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  10. I'm currently in college right now-- I think it's worth it if A- you are willing to work to succeed to begin with-- textbooks won't give you that, and B- if you can get out with little debt (under 10k is manageable), and C- you work. A degree won't give you a job, but having the fantastic internship experience, which often requires your enrollment in college, will give you a GREAT start. It's the opportunities really, that make the difference. The exposure to new ideas and works is also great!

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    1. Agreed on all points, memorizing facts and regurgitating them for an A, then promptly forgetting it earn a degree is no substitute for ambition. I'm excited to try new things like internships.

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  11. I listened to your interview on Ebay Scavengers. You seem like an introspective person who might like the part of college that focuses on your major. Some people don't really like all the other courses required to get a degree. Have you thought about an art or photography institute? Often times a college degree can open doors that might otherwise be shut. A degree is often for the future, not right now. If someday you want to be a museum curator, you most likely will need a degree. The time to go is now before financial burdens of a house, family, etc. Make it too difficult.

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    1. Hm, I haven't thought of an art or photography institute, might have to look into that. I had the same thoughts, now while I'm younger, have the desire again. I'm excited to at least investigate the options out there and have something that would help me get jobs I'd like into the future. Thanks for listening to the eBay Scavengers interview, I'm introspective to the point of self-paralysis ;D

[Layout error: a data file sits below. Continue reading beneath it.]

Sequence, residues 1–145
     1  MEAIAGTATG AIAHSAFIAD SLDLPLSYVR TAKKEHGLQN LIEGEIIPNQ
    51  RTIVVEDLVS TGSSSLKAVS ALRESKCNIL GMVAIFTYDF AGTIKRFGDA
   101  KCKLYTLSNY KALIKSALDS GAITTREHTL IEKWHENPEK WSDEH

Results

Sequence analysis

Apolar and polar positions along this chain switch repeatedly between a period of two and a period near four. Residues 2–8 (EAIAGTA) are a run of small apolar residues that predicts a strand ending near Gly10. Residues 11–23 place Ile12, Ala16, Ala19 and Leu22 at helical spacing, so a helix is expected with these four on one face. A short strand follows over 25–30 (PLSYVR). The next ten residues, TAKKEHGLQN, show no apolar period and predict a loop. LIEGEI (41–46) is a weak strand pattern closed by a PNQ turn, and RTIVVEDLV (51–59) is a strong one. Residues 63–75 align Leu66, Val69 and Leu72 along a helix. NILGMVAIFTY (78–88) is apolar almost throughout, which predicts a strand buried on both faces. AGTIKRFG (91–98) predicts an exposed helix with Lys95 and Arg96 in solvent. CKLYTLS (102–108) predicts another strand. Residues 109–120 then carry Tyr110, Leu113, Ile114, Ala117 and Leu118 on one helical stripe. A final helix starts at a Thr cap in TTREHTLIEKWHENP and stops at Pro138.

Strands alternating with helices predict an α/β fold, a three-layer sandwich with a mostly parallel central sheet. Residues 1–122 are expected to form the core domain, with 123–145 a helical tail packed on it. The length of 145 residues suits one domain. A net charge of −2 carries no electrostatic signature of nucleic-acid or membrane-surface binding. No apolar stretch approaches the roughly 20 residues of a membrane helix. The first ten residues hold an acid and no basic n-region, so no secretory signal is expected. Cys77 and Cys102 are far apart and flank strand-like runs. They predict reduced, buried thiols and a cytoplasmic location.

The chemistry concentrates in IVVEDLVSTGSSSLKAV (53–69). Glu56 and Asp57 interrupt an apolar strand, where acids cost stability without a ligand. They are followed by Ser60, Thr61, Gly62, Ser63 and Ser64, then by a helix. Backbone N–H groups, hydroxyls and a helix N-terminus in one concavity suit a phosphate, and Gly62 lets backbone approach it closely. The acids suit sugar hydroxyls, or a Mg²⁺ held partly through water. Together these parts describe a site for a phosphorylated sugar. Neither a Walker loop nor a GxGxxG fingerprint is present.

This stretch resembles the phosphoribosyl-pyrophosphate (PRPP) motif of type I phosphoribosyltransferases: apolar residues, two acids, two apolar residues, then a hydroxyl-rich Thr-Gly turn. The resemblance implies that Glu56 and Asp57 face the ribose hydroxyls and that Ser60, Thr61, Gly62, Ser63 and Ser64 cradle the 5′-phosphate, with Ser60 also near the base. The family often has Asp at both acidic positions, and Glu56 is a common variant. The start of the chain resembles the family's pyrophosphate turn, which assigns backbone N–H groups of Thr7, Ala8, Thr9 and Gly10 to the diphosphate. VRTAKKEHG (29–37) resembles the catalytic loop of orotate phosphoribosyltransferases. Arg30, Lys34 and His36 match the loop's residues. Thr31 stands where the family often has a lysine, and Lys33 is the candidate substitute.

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  12. Here is the thing, only 32% of Americans have degrees, and that number is not growing. When it comes to Masters or PhD's, the number drops to single digits in percentage of Americans with such. This idea that you need a degree to do much of anything is entirely a myth that is perpetuated by sensationlism. Americans become obsessed with an idea and then spread it around like it's truth when it isn't. ESPECIALLY for the arts, you don't need a degree at all.

    The truth about debt is that it is crushing and debilitating and there is NO WAY OUT. Student loans cannot disappear. You can default on them and they will sit somewhere, gaining interest, FOREVER. This means that if you graduate with even something like $10,000 worth of student loans, but cannot pay on them, the interest will accrue indefinitely and you could end up paying triple that in the end. There are very few options for paying for college without loans (though it's possible) and generally the option is to take even longer to graduate. The problem with spending a lot of time in school without working hard toward a major is that things can change. It's a big problem (and you can google all kinda articles on the debt crisis). It takes a very smart and savvy person to work it out without loans (and I believe that you can).